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Firm accused of fudging background checks

Jan. 23, 2014 - 06:00AM   |  
By SEAN REILLY   |   Comments
Computer Hackers Gather For Annual CCC Congress
A company that the government hired to perform background checks stands accused of falsifying hundreds of thousands of them. (Patrick Lux / Getty Images)

USIS, the government’s largest supplier of security clearance background investigations, cut corners on hundreds of thousands of such checks, the Justice Department alleges in a newly filed civil complaint.

From March 2008 through September 2012, the Virginia-based firm sent the results of at least 665,000 investigations to the Office of Personnel Management that had not undergone contractually required quality reviews, according to the complaint, filed Wednesday in federal district court in Alabama. That figure represented about 40 percent of the total number of investigations conducted by USIS during that time.

The practice, known within the firm as “dumping,” was geared to boost revenue and help USIS win performance bonuses that totaled almost $12 million from fiscal 2008 through 2010. Had OPM known what was going on, it would not have deemed USIS’s performance acceptable, the complaint states. The suit seeks damages to be decided at trial, plus at least $5,500 for each fraudulent claim.

In a written response, USIS — formerly known as U.S. Investigations Services—said that the accusations related to a small group of individuals and ran contrary “to our values and commitment to exceptional service.” Since first learning of the alleged misconduct almost two years ago, the company had named a new leadership team and beefed up oversight procedures, the statement said, adding that USIS has fully cooperated with the government probe and remains “focused on delivering the highest quality service under our OPM contract.”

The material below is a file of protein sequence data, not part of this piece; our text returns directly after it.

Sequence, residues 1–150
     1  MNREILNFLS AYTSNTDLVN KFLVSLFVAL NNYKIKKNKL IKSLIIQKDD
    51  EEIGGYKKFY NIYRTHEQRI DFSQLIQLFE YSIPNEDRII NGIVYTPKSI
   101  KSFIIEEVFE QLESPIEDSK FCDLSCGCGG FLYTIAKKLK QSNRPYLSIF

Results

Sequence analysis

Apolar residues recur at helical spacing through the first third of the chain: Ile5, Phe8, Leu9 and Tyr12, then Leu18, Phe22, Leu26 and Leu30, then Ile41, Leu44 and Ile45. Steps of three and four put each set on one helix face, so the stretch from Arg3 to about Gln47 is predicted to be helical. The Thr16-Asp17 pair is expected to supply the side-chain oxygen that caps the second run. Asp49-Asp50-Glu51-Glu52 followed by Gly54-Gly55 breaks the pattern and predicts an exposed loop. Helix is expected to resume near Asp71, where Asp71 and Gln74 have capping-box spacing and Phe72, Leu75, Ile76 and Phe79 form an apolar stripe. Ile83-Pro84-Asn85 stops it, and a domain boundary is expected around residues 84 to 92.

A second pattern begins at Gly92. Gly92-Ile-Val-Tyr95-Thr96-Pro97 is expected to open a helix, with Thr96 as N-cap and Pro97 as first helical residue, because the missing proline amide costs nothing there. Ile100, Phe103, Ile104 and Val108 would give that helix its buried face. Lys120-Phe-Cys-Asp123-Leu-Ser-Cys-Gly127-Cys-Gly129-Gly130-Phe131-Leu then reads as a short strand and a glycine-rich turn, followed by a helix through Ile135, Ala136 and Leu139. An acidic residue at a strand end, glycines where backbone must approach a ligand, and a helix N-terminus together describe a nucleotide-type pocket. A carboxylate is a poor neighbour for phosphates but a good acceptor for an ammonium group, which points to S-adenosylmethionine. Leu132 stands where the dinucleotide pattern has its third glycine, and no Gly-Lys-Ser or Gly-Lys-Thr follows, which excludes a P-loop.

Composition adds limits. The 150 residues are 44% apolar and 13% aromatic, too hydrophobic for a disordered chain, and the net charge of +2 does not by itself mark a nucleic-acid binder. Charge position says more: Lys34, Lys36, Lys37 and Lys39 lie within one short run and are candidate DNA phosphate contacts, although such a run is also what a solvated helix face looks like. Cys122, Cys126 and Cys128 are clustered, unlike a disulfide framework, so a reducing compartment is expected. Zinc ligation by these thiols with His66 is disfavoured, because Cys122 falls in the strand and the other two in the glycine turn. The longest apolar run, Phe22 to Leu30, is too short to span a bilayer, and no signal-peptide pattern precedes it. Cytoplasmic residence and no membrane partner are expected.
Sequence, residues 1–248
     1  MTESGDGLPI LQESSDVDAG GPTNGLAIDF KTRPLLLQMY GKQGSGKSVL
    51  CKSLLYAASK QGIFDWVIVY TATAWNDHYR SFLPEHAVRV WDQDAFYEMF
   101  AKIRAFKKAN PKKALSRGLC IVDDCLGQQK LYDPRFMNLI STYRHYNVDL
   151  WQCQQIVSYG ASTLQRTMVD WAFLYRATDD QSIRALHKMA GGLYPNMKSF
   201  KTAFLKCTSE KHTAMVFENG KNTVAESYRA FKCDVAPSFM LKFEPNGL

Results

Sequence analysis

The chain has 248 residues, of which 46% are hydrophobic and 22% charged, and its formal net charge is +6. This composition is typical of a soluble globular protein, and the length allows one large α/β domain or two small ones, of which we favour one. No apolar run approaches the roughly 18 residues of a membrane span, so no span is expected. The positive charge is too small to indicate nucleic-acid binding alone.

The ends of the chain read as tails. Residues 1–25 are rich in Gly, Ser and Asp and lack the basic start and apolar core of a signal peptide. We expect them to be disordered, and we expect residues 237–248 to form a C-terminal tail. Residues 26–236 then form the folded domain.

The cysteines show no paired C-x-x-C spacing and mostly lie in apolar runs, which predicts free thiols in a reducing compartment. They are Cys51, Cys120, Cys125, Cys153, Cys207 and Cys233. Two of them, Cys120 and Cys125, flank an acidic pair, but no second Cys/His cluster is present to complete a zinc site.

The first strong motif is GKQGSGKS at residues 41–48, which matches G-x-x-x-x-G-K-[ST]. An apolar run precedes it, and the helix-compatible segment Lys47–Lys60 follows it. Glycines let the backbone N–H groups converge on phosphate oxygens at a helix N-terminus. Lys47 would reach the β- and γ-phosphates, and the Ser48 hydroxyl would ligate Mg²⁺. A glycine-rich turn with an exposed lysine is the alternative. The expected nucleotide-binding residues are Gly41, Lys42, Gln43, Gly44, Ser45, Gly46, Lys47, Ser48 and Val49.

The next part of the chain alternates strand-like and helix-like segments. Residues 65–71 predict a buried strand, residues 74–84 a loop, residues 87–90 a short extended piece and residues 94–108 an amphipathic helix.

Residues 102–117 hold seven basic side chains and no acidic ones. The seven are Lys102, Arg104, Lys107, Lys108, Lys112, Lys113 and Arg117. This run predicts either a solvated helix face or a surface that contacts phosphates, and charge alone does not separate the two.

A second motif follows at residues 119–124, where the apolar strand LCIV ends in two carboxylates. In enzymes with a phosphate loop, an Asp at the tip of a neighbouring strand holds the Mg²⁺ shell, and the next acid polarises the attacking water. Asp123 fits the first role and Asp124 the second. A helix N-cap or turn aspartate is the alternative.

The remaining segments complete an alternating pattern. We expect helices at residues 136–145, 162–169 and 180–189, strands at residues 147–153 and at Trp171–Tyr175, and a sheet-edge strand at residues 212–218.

OPM has made no decision on debarring USIS pending ongoing investigations, according to a spokesman. The agency has already strengthened contractor oversight and is conducting added reviews to reassure the public “that they can have confidence in the integrity of our program,” Director Katherine Archuleta said in a statement. Cases dumped by USIS later got quality reviews before decisions were made on granting clearances, she said.

USIS, is the largest of three contractors that do background checks for OPM. The Justice Department complaint comes three months after it joined a whistleblower lawsuit filed by Blake Percival, a former USIS director of fieldwork services. In the suit, Percival charged that the firm defrauded the government by forwarding cases to OPM that had either not undergone a contractually required review or “had not been investigated at all.”

Dumping aimed to maximize revenue because USIS is paid about $1,900 for every investigative report turned in to OPM before the next-to-last day of the month and just 75 percent of that amount thereafter, Percival alleged. When Percival refused to order his employees to continue dumping, he was fired in June 2011, according to his suit.

USIS has also come under scrutiny because it did the background checks both for Edward Snowden, the former National Security Agency contractor who has furnished details of highly classified program to the media and Aaron Alexis, a former Navy reservist who gunned down a dozen people at the Washington Navy Yard last September before being killed by police. In the latter case, OPM has said that it believes that the check on Alexis was complete and fully complied with investigative standards.

The background investigations that were dumped covered most agencies including the Defense Department, Defense Intelligence Agency, Justice Department and Department of Homeland Security, according to the DOJ complaint. USIS management was well aware of the practice, emails cited in the complaint indicate.

“Shelves as clean as they could get,” one supervisor said in an April 2010 email. “Flushed everything like a dead goldfish.”

The firm also sought to conceal the alleged misconduct from OPM, such as by stopping all dumping when auditors were on the scene. An OPM spokesman had no immediate comment Thursday when asked whether the agency is considering any action in light of the Justice Department complaint.

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